It isn’t every day that a homework assignment turns into a trip Dublin. For Chapman University students, Paige Gulley, Shannon Anarella, and Sarah Lemay, undergraduate coursework became a mark of international academic distinction.

The Undergraduate Awards is the leading international undergraduate awards program that recognizes exemplary undergraduate work. This non-profit organization shares Chapman’s emphasis on global and culture connectivity, and seeks to bring together undergraduate students from all around the world. Valuing innovation, collaboration, ambition, impartiality, inclusiveness, and efficiency, the Undergraduate Awards invites both global student winners and highly commended applicants to the annual UA Global Summit in Dublin, Ireland.

OURCA is thrilled that among the highly commended applicants of 2017 are Chapman University students, Gulley, Anarella, and Lemay.

Senior Paige Gulley shared her UA experience with OURCA, from the meticulous revision and submission process, to her whirlwind trip to present her work in Dublin. Gulley’s project, entitled “The Soul Becomes Audible: Music in Fellini’s Films” began as a final paper for the Honors course The World of Fellini’s Cinema. As a French and History major, Gulley admits, “I often felt a bit out of my depth when we discussed the various cinematographic effects Fellini utilized.” However, she found her niche discussing the music of La Strada

I was instantly enchanted by the music of La Strada – it remains my favorite Fellini film. However, I couldn’t help but notice that the music was being dubbed, not played or sung onscreen, and this struck me as unusual. As we watched more of Fellini’s films, I noticed that this effect was repeated whenever a character played an instrument or sang. I also noticed that no critic or scholar mentioned this effect, though several did note Fellini’s dubbing of the dialogue of his films. It seemed to me that in La Strada, Fellini had found a way to demonstrate the heart of what music is and can do, in a way that is impossible to satisfactorily explain.” 

Gulley’s project, it seems, followed as a natural progression of her academic interests. Though the submission process, “required a lot of revising,” she maintained that “overall, the process was not too stressful” thanks to the generous assistance of her faculty mentors, Dr. Federico Pacchioni, Dr. Justine Van Meter, and Dr. Julye Bidmead. 

Of her experience in Dublin, Gulley confessed, “it seemed we’d just arrived when we were leaving!” She described the Summit as a unique immersion into the history of Dublin, visiting Farleigh House, City Hall, and Trinity College with exclusive tours unavailable to the general public. Gulley also discussed learning from various speakers, “including Christopher Lubbe, the former bodyguard to Nelson Mandela, who was by far the most moving and inspirational speaker we heard.” When asked about her most valuable take away from the Summit, she cited the many friendships she forged with students from all over the world: “It was amazing to be able to meet all these talented students from various parts of the globe and be able to connect with them, whether we shared a common discipline or not. Though it was only 3 days, I formed friendships that I hope will last a lifetime.”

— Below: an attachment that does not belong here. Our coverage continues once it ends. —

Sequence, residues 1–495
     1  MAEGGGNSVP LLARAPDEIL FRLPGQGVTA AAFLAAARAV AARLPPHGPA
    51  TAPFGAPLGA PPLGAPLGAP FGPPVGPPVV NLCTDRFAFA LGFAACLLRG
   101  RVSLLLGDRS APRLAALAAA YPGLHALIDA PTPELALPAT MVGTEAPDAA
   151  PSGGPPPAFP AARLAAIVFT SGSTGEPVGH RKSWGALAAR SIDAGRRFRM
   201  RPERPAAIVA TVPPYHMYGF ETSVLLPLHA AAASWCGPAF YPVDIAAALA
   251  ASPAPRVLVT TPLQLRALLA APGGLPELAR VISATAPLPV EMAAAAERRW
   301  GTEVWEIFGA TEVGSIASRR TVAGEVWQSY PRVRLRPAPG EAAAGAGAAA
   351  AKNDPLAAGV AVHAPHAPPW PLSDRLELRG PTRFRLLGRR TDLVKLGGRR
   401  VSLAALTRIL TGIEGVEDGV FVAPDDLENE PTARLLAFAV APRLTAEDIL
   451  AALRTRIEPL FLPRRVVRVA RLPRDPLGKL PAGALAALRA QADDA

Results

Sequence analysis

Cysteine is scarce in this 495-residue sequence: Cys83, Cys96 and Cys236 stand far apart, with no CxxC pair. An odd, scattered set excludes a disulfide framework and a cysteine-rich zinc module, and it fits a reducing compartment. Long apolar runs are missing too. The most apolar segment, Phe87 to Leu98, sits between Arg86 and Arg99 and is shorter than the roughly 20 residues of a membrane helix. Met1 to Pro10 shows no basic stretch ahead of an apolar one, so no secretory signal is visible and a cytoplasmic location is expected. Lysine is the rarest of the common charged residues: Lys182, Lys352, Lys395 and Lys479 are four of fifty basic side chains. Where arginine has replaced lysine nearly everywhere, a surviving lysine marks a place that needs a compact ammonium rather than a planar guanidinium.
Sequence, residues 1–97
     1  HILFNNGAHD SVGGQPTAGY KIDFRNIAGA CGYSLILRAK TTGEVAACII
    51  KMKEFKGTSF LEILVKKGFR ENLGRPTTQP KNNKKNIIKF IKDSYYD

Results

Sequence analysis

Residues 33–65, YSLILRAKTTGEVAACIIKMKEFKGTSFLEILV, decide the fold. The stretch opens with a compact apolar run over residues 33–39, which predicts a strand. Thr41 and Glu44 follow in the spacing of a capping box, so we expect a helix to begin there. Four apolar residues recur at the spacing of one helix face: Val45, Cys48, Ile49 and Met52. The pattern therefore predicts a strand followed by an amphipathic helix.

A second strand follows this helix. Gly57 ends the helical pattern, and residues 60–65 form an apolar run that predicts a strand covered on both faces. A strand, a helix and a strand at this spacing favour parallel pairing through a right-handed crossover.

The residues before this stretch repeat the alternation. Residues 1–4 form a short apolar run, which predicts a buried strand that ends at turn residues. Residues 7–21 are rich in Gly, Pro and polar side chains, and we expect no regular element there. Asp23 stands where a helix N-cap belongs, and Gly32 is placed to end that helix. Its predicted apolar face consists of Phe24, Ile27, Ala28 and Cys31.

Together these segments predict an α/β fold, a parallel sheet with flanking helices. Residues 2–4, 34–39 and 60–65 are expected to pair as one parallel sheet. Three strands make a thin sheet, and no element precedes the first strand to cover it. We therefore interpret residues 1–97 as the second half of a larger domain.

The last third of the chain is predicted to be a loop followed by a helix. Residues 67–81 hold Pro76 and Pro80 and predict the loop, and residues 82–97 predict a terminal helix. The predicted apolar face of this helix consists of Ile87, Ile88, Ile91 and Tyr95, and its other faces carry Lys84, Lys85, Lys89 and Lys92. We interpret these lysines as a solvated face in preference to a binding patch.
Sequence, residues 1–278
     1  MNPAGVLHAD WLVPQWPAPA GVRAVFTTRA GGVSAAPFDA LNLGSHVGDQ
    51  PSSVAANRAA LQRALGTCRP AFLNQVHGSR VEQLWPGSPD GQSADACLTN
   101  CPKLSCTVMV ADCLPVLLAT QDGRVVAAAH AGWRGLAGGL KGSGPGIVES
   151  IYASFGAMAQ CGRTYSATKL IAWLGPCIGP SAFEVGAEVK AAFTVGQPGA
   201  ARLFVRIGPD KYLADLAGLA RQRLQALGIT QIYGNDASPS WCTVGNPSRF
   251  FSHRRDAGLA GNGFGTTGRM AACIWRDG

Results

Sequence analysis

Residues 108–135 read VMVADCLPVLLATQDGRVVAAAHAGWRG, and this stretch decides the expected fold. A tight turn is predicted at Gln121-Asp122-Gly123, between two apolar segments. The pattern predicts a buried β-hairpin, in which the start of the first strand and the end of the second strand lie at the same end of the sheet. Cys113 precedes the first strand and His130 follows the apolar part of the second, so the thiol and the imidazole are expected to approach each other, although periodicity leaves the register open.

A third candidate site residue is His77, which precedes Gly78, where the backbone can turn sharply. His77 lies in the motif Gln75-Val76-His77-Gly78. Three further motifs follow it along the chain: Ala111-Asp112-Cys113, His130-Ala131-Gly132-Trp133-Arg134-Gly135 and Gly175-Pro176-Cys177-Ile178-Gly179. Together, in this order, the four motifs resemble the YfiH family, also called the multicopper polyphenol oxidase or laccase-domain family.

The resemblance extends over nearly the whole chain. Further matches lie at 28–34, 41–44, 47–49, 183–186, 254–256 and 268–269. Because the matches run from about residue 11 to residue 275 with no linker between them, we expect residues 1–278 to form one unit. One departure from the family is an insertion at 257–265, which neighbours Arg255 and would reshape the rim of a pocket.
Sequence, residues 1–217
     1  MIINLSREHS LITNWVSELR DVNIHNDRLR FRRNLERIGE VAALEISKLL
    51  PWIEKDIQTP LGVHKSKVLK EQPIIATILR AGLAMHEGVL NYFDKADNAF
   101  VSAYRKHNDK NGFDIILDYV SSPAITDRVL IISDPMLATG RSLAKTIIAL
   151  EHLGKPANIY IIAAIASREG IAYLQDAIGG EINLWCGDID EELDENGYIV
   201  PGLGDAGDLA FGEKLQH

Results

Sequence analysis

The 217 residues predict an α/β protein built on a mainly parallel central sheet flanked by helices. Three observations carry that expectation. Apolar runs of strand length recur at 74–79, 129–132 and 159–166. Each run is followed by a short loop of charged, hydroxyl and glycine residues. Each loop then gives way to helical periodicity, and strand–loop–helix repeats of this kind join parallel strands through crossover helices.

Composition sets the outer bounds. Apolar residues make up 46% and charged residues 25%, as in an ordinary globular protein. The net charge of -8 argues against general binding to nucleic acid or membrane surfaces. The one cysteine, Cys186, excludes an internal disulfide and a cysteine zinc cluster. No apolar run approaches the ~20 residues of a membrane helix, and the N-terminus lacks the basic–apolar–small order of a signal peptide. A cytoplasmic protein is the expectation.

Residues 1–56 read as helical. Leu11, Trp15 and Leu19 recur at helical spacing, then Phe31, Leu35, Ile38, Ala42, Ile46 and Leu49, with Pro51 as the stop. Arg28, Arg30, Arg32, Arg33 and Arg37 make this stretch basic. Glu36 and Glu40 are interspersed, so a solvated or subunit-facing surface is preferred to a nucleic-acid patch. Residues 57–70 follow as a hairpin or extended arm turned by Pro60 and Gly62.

Recent graduate and screenwriting major, Shannon Anarella, shared that her project had a similar inception to Gulley’s; it began as her Honors thesis born from the travel course Religion and Gender in Harry Potter. Her project, entitled “Harry Potter and the Identity Myth: Exploring Cultural Anxieties in a Post-9/11 World”, “borrows from Douglas B. Holt’s principles of cultural branding to deconstruct the Harry Potter phenomenon in light of the destabilizing forces of modern terrorism.” Anarella, a inaugural student of the Harry Potter travel course lead by Dr. Julye Bidmead, was invited back as a senior “Prefect.” She describes her relationship with Dr. Bidmead, her faculty mentor, as “richly rewarding” and identifies her as an “expert authority figure who could point [her] in different directions or help me to articulate some of the finer points.” 

Concerning the submission process, Anarella explained, “My paper was more than twice as long as the Undergraduate Awards would allow, so I had to pare it down considerably.” She also mentioned facing a challenge in determining the appropriate category for her paper: “My capstone project needed to be interdisciplinary, so the final result could have been submitted to Literature, Psychology, Music, Film, & Theatre, or Sociology: Anthropology and Cultural Studies. In the end, I chose to submit to Literature.”